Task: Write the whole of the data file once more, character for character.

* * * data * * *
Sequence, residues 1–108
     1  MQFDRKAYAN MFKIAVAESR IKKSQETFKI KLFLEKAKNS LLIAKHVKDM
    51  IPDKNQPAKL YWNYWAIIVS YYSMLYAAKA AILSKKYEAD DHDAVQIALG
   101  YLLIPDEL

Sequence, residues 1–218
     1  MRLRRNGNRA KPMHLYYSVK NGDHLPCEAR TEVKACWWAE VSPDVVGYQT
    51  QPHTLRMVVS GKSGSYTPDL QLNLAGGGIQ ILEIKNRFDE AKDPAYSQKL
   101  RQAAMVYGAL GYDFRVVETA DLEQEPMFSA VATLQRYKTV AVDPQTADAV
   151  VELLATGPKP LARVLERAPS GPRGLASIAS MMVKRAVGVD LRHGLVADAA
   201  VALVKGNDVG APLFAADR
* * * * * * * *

Sequence, residues 1–108
     1  MQFDRKAYAN MFKIAVAESR IKKSQETFKI KLFLEKAKNS LLIAKHVKDM
    51  IPDKNQPAKL YWNYWAIIVS YYSMLYAAKA AILSKKYEAD DHDAVQIALG
   101  YLLIPDEL

Sequence, residues 1–218
     1  MRLRRNGNRA KPMHLYYSVK NGDHLPCEAR TEVKACWWAE VSPDVVGYQT
    51  QPHTLRMVVS GKSGSYTPDL QLNLAGGGIQ ILEIKNRFDE AKDPAYSQKL
   101  RQAAMVYGAL GYDFRVVETA DLEQEPMFSA VATLQRYKTV AVDPQTADAV
   151  VELLATGPKP LARVLERAPS GPRGLASIAS MMVKRAVGVD LRHGLVADAA
   201  VALVKGNDVG APLFAADR